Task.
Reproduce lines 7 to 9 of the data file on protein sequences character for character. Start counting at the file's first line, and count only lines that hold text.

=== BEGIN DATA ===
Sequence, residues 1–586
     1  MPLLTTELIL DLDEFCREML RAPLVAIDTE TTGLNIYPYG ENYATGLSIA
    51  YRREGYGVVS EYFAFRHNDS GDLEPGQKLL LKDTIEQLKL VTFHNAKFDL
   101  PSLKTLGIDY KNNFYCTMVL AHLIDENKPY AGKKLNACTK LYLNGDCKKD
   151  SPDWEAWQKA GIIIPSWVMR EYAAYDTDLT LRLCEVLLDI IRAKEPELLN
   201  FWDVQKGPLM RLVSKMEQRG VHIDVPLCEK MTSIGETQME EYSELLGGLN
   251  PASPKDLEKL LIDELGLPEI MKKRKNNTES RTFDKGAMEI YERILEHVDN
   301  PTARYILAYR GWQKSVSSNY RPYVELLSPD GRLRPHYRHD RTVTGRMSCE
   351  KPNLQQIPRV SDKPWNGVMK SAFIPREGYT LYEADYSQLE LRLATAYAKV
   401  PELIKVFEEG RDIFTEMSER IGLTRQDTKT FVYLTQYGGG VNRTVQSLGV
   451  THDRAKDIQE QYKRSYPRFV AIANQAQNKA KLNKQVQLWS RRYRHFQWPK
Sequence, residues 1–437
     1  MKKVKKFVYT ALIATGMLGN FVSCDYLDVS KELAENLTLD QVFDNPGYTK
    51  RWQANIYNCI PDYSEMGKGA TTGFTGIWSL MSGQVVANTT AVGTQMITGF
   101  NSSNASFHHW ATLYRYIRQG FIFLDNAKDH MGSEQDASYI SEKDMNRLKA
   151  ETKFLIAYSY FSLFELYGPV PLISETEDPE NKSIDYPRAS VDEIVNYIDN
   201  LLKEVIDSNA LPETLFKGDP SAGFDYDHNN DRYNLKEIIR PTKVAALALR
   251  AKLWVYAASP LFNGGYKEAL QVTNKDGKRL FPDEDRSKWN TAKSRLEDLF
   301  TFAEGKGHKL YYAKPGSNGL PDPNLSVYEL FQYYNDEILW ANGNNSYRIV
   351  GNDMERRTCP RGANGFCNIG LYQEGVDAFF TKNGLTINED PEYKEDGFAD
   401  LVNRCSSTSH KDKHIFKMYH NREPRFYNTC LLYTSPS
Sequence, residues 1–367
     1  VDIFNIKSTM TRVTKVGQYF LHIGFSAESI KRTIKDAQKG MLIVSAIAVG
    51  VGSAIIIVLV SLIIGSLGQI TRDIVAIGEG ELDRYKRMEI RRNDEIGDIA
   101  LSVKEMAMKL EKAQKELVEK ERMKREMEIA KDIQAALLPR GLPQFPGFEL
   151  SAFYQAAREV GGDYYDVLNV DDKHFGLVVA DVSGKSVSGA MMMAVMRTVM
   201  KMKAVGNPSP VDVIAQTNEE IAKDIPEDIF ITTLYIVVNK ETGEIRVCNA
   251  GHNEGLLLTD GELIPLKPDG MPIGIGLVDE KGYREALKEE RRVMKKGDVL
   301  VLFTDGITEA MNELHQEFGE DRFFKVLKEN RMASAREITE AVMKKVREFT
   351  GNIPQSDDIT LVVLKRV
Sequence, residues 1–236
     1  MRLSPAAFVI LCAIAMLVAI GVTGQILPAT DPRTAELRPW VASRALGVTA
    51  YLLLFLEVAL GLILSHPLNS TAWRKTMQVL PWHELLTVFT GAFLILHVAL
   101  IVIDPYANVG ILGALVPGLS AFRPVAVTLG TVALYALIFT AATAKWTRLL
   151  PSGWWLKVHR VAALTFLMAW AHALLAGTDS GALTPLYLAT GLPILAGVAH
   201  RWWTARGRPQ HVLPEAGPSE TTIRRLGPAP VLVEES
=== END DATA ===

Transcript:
   251  PASPKDLEKL LIDELGLPEI MKKRKNNTES RTFDKGAMEI YERILEHVDN
   301  PTARYILAYR GWQKSVSSNY RPYVELLSPD GRLRPHYRHD RTVTGRMSCE
   351  KPNLQQIPRV SDKPWNGVMK SAFIPREGYT LYEADYSQLE LRLATAYAKV